Monday, 24 June 2013

Degenerative Disc Disease
Degenerative disc disease refers to when the disc itself is the source of back pain or neck pain as a result of a damaged and degenerative disc. Degenerative disc disease may be treated with medications, ice/heat, active physical therapy/exercise, or behavioral and lifestyle changes, or require spinal fusion or artificial disc replacement surgery for uncontrollable, severe pain that has not responded in time to previous non-surgical care and when an anatomical cause of the pain has been identified.

Herniated Disc
A herniated disc can produce lower back pain and/or leg pain (sciatica) or less often neck pain and/or arm pain as a result of the disc's soft, inner core extruding through its tough, outer core, and coming in contact with and irritating a nearby spinal nerve. A herniated disc may be effectively treated with pain medications, injections, chiropractic care, physical therapy and exercise, or require surgery for symptoms that have been unresponsive to non-surgical care.

Sciatica describes symptoms of leg pain and possible tingling, numbness or weakness that travels from the lower back down the sciatic nerve in the back of the leg, often as a result of a pinched nerve from a herniated disc or other conditions like degenerative disc disease, spinal stenosis or spondylolisthesis. Sciatica symptoms may be treated with heat/ice, over-the-counter or prescription medications, epidural steroid injections, acupuncture, massage therapy, manual manipulation, physical therapy or exercise, or require surgery for severe pain that has not responded to non-surgical care.

Spinal Stenosis
Spinal stenosis can produce leg pain, tingling, weakness or numbness, or arm pain as a result of compression of the spinal nerve roots in the lumbar spine (lower back) or the spinal cord in the cervical spine (neck), respectively. Spinal stenosis is often managed through non-surgical treatments like exercise, epidural injections, non-steroidal anti-inflammatory drugs (NSAIDs) and activity modification, but can require a decompression surgery for symptoms that have not improved following non-surgical care.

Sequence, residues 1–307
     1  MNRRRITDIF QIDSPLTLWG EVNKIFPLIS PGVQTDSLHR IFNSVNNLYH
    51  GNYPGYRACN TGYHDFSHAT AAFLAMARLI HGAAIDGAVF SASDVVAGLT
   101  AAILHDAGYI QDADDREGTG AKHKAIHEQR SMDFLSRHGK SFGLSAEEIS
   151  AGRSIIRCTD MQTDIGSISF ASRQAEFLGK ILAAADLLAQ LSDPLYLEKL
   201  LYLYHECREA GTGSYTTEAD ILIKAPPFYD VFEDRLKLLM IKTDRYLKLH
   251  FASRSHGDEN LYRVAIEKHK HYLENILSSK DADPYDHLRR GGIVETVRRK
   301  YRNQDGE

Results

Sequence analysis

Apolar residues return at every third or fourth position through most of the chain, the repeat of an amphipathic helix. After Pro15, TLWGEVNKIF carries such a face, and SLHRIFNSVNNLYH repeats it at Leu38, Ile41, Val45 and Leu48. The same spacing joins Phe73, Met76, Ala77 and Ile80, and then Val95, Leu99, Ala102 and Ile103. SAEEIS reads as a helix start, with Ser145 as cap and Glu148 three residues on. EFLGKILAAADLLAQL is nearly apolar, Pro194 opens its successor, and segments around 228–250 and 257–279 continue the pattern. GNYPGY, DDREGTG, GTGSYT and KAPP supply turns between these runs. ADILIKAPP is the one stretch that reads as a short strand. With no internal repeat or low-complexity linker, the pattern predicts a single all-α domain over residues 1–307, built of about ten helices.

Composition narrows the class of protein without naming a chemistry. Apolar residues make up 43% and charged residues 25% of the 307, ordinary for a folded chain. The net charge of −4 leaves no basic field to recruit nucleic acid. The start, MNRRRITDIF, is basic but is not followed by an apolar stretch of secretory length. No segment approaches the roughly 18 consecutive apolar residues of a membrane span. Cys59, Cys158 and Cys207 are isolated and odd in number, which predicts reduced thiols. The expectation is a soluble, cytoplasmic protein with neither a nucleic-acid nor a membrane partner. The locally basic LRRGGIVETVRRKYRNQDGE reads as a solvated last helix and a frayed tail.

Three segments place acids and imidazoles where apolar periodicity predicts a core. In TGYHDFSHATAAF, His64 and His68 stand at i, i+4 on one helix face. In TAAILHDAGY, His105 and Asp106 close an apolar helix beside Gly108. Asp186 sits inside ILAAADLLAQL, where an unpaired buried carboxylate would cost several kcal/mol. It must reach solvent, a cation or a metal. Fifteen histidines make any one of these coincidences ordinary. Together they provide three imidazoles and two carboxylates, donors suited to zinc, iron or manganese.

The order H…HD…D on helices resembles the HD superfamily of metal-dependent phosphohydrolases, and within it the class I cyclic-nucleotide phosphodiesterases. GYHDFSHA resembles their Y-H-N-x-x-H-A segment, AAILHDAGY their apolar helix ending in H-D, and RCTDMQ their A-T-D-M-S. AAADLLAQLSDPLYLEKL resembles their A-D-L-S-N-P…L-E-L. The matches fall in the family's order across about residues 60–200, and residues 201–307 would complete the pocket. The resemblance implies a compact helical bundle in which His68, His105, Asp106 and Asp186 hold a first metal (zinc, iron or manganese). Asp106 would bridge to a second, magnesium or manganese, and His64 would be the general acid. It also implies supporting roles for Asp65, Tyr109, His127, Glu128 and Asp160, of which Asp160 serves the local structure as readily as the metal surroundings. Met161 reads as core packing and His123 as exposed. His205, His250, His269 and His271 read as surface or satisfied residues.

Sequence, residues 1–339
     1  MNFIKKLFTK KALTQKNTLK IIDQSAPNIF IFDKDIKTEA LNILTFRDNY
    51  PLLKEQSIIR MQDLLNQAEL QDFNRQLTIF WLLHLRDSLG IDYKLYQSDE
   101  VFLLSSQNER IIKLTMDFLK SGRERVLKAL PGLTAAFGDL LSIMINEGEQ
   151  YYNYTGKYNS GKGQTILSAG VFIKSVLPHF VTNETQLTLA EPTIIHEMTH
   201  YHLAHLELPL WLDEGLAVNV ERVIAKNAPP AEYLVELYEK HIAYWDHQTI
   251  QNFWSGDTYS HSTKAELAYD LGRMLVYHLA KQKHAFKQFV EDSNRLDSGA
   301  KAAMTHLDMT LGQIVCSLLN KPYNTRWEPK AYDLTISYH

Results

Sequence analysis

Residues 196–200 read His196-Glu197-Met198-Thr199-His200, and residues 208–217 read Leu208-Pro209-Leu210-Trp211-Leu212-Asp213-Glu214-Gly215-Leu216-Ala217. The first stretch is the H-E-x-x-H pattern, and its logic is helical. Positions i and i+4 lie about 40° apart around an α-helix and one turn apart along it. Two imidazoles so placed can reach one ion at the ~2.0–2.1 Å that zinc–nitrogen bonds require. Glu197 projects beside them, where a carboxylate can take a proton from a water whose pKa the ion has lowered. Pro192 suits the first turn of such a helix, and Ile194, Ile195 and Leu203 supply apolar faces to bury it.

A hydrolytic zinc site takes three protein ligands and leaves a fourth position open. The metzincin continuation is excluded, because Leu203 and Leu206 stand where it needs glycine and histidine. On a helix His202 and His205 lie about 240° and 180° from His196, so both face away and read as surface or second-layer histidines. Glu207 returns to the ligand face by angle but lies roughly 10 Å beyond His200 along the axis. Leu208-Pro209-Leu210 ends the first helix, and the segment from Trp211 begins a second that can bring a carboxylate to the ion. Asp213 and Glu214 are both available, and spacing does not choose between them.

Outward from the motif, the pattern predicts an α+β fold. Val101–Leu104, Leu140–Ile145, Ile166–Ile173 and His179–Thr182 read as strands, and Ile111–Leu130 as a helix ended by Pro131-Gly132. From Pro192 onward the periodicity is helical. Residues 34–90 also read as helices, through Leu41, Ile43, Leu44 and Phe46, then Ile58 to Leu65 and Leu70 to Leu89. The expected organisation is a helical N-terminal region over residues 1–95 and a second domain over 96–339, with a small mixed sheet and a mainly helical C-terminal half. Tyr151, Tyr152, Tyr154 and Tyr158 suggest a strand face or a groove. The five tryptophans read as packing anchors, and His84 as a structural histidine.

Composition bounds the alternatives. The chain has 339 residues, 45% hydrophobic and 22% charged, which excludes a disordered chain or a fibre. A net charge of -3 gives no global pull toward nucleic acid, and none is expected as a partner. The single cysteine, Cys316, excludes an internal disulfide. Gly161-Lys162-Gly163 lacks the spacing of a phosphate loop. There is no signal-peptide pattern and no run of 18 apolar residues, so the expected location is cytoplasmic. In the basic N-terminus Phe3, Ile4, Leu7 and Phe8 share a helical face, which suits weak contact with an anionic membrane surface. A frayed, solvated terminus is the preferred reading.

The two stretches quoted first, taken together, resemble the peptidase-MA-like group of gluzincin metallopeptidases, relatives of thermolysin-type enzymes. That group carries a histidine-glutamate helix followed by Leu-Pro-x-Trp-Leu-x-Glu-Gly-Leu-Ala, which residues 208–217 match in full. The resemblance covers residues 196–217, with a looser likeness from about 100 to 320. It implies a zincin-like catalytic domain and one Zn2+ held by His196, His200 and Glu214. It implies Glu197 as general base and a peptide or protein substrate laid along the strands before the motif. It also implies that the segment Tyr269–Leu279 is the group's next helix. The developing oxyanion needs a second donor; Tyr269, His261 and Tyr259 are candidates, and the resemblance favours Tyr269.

Spondylolisthesis refers to when one vertebral body slips forward over another, often as a result of a defect in a small segment of bone (the pars interarticularis) that joins the facet joints in the back of the spine, possibly leading to back pain and leg pain that restricts normal activity levels. Another common cause of spondylolisthesis is degeneration within the facet joints (degenerative spondylolistheisis). Typically recommended treatments for spondylolisthesis include non-surgical care like bracing that immobilizes the spine for short periods of time, pain medications and/or anti-inflammatory medications, hamstring stretches and other controlled, gradual exercises. Surgery combining a decompressive laminectomy with a spinal fusion is rarely needed for spondylolisthesis symptoms that are not healing or have neurological components.

Scoliosis is an abnormal curvature of the spine that usually occurs in adolescents and develops in the upper back or in the area between the upper back and lower back. Most cases of scoliosis have no known cause and may go unnoticed until the curve has significantly progressed. For adolescents, scoliosis treatment typically includes simple observation and/or the use of back braces that are designed to stop the curve. A corrective surgery from the anterior or posterior of the spine is usually only recommended for adolescents with curves that are more than 40 to 45 degrees and progressing.

Osteoporosis and Vertebral Fractures
Osteoporosis is a thinning of the bones that occurs with aging (more often in women than men, especially after menopause), leaving the bones porous, fragile and susceptible to vertebral fractures that are frequently dismissed as general back pain. Osteoporosis is treatable with non-surgical treatments like exercise, medications and education on diet and nutrition aimed to slow bone loss and prevent fractures. Osteoporotic vertebral fractures may be treated with rest, rigid back braces that support the spine, ice and heat, pain medications or surgeries such as kyphoplasty or vertebroplasty when the fracture is causing severe pain and deformity and has failed to respond to non-surgical care.

Osteoarthritis is a very common form of arthritis that occurs when the cartilage between aligning facet joints in the back portion of the spine mechanically breaks down over time, leading to common symptoms like inflammation, stiffness and pain in these joints, and possibly resulting in bone spurs that irritate or trap the spinal nerves. Non-surgical care such as medications, exercise, physical therapy and chiropractic is typically the first line of osteoarthritis treatment. In rare cases, osteoarthritis may require a spinal fusion surgery when the joint is severely unstable or a lumbar laminectomy surgery when the spinal nerves are affected.

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